While walking in bouts of 10 minutes or more appear to have the most impact on life expectancy, shorter strolls, if there are a lot of them, can also contribute, researchers reported Thursday at the American Heart Association’s Epidemiology, Prevention, Lifestyle and Cardiovascular Health Conference.
“This is just one study, but it suggests that there is a lot of flexibility in the way people can accumulate physical activity throughout the day," the study’s lead author, Chris Moore, told Today.
“A lot of people think you need to go to the gym and have long bouts of continuous exercise, but you can be active without going to the gym," said Moore, a PhD student at the University of North Carolina, Chapel Hill. “And that’s more feasible for a lot more people, especially those like the participants in this study who were older women. Older adults have a lot of barriers to doing more structured exercise.”
The study suggests that people can get enough exercise to extend life just by increasing the distances walked by small amounts, Moore said. “For example, if you want to park slightly further away from a building you can get in more steps,” he said.
Most earlier studies relied on people’s memory of how much walking they did, Moore said. The new research is based on an experiment in which 16,732 participants in the Women’s Health Study (a national study focused on disease prevention) wore an accelerometer, a device that captures movement, for four to seven days between 2011 and 2015. The participants in the study were all over age 60 (average age 72) and were mostly non-Hispanic white women.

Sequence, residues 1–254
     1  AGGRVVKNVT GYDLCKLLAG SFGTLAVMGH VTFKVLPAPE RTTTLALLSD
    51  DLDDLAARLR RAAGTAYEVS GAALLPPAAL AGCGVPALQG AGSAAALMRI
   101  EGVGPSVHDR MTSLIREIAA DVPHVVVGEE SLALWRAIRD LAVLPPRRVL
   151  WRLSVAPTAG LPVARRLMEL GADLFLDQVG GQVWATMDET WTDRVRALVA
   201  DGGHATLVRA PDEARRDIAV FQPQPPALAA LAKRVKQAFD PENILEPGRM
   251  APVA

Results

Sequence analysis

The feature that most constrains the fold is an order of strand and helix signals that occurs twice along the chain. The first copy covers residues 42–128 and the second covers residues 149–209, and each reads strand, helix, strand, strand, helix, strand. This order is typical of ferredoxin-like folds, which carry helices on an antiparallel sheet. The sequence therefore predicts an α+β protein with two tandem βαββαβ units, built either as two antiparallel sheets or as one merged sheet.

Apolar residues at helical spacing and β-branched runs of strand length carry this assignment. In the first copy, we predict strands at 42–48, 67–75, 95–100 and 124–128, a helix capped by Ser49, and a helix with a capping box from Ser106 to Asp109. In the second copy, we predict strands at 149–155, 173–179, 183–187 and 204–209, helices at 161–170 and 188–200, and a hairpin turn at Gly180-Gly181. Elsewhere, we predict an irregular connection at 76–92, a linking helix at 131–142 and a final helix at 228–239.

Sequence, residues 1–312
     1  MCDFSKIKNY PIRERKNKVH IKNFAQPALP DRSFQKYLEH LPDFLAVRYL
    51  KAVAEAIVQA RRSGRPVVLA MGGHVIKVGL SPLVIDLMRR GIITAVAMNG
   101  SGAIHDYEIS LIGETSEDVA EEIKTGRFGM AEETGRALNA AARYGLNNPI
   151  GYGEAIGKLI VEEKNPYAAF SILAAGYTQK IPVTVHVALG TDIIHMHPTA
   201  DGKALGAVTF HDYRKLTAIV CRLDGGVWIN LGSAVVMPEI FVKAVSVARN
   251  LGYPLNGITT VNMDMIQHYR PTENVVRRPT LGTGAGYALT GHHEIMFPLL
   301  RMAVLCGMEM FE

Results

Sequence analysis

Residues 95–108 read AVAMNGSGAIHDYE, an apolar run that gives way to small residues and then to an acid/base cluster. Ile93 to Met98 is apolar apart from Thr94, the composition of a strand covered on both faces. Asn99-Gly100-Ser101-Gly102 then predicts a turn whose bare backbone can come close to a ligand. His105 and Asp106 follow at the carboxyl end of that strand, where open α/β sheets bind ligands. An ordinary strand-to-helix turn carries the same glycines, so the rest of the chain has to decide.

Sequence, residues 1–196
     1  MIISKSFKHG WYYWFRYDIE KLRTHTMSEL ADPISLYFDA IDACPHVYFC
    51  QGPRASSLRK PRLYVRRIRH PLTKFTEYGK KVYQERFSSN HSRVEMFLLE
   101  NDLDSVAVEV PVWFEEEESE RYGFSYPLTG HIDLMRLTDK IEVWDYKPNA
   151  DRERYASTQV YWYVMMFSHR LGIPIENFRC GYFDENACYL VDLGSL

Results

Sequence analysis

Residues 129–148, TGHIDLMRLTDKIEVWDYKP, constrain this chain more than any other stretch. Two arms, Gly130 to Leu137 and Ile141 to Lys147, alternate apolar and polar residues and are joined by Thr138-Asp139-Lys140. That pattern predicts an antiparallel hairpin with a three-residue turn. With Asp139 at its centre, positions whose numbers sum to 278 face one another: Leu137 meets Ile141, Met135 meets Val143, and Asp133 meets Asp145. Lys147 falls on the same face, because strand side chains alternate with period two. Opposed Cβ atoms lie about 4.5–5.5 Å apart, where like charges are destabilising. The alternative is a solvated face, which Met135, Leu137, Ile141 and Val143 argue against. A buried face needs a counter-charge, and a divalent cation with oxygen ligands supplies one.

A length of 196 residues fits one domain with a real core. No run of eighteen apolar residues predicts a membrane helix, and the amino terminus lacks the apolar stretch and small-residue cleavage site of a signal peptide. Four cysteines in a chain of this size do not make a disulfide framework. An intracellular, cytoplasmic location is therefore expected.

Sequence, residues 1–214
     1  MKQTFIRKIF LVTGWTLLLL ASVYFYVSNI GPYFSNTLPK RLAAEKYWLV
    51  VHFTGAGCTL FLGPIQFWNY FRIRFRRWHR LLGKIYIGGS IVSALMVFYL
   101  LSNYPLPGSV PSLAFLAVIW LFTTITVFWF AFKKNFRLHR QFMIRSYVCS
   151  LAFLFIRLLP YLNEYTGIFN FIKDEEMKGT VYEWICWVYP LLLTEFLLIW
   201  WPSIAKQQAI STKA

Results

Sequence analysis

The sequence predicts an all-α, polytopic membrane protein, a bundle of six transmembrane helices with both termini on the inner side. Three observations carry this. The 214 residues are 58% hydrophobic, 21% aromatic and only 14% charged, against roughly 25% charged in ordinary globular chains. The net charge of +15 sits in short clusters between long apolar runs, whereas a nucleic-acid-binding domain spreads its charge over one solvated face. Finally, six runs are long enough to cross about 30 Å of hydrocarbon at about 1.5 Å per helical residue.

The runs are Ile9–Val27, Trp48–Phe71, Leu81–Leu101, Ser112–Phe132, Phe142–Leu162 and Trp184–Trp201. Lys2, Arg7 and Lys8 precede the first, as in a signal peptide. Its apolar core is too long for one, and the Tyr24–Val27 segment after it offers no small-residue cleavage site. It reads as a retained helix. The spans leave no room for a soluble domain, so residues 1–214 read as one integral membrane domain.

When they performed their analysis, the researchers categorized the total number of steps each woman took into two groups: those taken during bouts of 10 or more minutes with few interruptions and those taken in shorts spurts during daily activities such as taking the stairs or walking to and from the car.
Moore and his colleagues followed the women, tracking deaths from any cause, for an average of six years, through Dec. 31, 2019. Overall, 804 deaths occurred during the entire study period (2011 through 2019).
The women who took more steps in short spurts lived longer even if most of the steps were taken sporadically. The greatest impact was experienced by women who took 2,000 or more steps in bouts that were 10 minutes or longer in addition to 3,000 steps in shorter spurts: These women had a 32% decrease in the risk of death during the course of the study.
In future research, Moore would like to look more closely at women who took a lot of steps, but mostly in bouts of less than 10 minutes.
“What I love about this study is it really suggests that we should get activity however we can throughout the day,” said Dr. Seth Martin, a cardiologist and an associate professor of medicine at the Johns Hopkins School of Medicine.
“It doesn’t necessarily need to be something planned or that you make time for,” Martin said. “It can be attained just by living life, taking the stairs, walking further distances to the car. It all adds up during the day. It’s surprising sometimes how quickly steps add up, a little here and a little there.”
To get the most out of those spurts of walking, it would be best to walk at a brisk pace, Martin advised. “You want to try to get your heart rate up a little,” he said.
“These results should push us to think about where in our daily lives are the opportunities to get more steps in,” Martin said. “Having dedicated bouts is beneficial as well. But you’ve got to start somewhere if you are way below the goals and work up from there.”